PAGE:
Investors had gotten used to Pfizer (PFE -0.61%) beating earnings estimates each quarter. But all good things come to an end. The big drugmaker announced its third-quarter results before the market opened on Tuesday. This time, Pfizer didn't satisfy Wall Street's earnings expectations. Here are three things you need to know about the company's third-quarter results.
1. Legacy drag
Pfizer's third-quarter revenue increased to $13 billion, reflecting 10% year-over-year operational growth and 8% growth on a reported basis. There is a catch with the prior year comparison, though. Because Pfizer completed its acquisition of Hospira on Sept. 3, 2015, only one month of Hospira operations were included in the company's third-quarter results from last year. Netting out this apples-to-oranges comparison, Pfizer's year-over-year operational revenue growth was only 3%.
One part of Pfizer's business did achieve double-digit percentage revenue growth. Sales for the company's innovative health segment jumped 10% compared to the prior year period, led by rheumatoid arthritis drug Xeljanz and cancer drug Ibrance.
However, Pfizer's legacy business segment dragged down overall performance. Nearly every legacy drug listed in the company's third-quarter report saw lower sales than the prior year period.
2. Higher costs
While Pfizer's revenue was up, even if only by a small percentage, third-quarter earnings fell 38% from the same period in 2015 to $1.32 billion, or $0.21 per diluted share. On an adjusted non-GAAP basis, Pfizer reported earnings of $3.73 billion, or $0.61 per diluted share. That wasn't good enough to meet Wall Street expectations of $0.62 per share.
Higher costs held back earnings growth. Cost of sales soared 39%. There were two primary culprits. First, the inclusion of Hospira operations drove up cost of sales in Pfizer's legacy business. Second, foreign exchange rates caused issues across the board.
Pfizer's research and development costs also increased by 9% as did selling, informational, and administrative expenses. Higher R&D costs were due largely to the company's cancer programs and the inclusion of Hospira operations. Pfizer incurred higher selling, informational, and administrative expenses primarily from Hospira and from increased investments on key drugs including Eliquis, Xeljanz, and Prevnar 13.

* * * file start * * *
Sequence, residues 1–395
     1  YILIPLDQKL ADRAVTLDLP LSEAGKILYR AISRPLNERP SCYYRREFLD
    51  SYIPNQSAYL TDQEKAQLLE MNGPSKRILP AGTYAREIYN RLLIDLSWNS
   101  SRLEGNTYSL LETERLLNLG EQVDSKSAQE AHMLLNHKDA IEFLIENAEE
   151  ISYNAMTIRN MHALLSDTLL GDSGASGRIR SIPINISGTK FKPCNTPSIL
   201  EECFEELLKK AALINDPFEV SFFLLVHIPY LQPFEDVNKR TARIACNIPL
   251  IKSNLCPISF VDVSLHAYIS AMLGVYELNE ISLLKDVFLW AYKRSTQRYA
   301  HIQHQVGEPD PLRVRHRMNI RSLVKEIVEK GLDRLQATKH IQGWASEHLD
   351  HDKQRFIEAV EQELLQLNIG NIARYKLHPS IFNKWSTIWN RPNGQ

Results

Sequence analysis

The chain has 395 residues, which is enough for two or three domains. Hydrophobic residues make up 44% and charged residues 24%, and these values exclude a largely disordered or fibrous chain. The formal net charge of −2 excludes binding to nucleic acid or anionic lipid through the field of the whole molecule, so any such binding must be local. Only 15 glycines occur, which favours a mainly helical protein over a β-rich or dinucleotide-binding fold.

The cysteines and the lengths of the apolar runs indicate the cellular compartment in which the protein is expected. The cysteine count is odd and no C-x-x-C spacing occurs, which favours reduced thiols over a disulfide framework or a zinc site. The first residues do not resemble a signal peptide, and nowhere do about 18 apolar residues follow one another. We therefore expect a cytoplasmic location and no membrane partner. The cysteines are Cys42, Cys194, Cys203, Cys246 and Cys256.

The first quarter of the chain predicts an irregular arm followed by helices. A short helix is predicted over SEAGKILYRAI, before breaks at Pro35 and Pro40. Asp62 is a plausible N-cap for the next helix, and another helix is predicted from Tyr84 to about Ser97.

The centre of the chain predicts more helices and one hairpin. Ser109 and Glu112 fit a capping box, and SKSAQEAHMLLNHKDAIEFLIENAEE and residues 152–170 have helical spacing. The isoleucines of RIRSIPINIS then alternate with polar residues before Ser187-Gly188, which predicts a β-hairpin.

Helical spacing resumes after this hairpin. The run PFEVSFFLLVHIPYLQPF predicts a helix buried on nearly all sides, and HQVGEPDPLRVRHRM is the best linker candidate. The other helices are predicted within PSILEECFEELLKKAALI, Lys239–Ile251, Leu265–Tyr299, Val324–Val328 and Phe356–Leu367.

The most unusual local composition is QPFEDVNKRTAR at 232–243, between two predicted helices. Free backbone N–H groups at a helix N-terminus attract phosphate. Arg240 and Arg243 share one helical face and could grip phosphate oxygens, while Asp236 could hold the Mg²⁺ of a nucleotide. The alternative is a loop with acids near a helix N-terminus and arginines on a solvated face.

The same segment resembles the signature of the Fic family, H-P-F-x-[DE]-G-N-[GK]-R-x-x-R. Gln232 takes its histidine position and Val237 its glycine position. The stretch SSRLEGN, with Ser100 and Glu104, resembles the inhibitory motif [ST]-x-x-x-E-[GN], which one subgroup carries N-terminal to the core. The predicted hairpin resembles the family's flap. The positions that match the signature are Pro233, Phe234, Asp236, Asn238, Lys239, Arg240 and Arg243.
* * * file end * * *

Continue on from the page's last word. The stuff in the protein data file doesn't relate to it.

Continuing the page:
3. Cholesterol problems
What was the worst news of all? Pfizer announced that it was discontinuing development of cholesterol drug bococizumab.
Pfizer had hoped to compete for market share among several cholesterol drugs known as PCKS9 inhibitors. Last year, Regeneron (REGN 0.01%) and Sanofi (SNY -0.15%) won regulatory approval for PCKS9 inhibitor Praluent with Amgen (AMGN -0.24%) following closely behind with approval of Repatha. Because the launches for Praluent and Repatha have been sluggish as they await results from cardiovascular outcomes studies, Pfizer would have at least had a shot against the other drugs. Peak annual sales for bococizumab were projected to reach nearly $2 billion.
That's not going to happen now. And it's already impacting Pfizer financially. The company lowered its full-year 2016 adjusted earnings guidance to a range of $2.38 to $2.43 per share. Previously, the upper end of the guidance range was $2.48 per share.
Bococizumab had been in a late-stage clinical study. While earlier studies had been promising, Pfizer found that the experimental drug wasn't as effective at lowering cholesterol over time. Bococizumab also appeared to have more side effects (immune system responses and injection-site reactions) than Praluent and Repatha.
Pfizer's bad news about its cholesterol drug candidate caused the stock to trade slightly lower in early trading. As you might expect, shares of Amgen, Regeneron, and Sanofi all traded higher now that a potential threat has been removed.
Despite a disappointing quarter and clinical setback, there's still plenty to like about Pfizer. The company's acquisitions of Anacor and Medivation provide key growth drivers. Pfizer's pipeline includes 33 late-stage clinical programs with another eight awaiting regulatory approval.
The legacy business could continue to weigh down overall results. I would have preferred that Pfizer spin off this business, but the company decided otherwise. There should be good opportunities with several biosimilars, though, including Inflectra, a biosimilar to Remicade, that should begin shipping this month.
Pfizer's dividend can't be overlooked. The yield of 3.76% looks great. While investors might have gotten used to Pfizer beating earnings estimates, they can really get used to steady dividend payments quarter after quarter. I don't see that trend coming to an end anytime soon.